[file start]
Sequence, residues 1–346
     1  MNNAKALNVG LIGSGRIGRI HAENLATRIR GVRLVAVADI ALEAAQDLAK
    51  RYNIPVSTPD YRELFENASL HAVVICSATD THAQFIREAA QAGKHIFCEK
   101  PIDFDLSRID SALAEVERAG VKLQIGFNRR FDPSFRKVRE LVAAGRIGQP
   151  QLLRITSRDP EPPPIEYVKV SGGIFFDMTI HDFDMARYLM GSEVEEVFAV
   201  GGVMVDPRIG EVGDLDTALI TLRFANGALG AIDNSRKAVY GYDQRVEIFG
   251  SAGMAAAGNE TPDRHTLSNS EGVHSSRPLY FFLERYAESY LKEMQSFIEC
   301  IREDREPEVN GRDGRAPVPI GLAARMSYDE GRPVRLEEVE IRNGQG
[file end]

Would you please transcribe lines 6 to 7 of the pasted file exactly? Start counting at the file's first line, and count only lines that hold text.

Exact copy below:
   201  GGVMVDPRIG EVGDLDTALI TLRFANGALG AIDNSRKAVY GYDQRVEIFG
   251  SAGMAAAGNE TPDRHTLSNS EGVHSSRPLY FFLERYAESY LKEMQSFIEC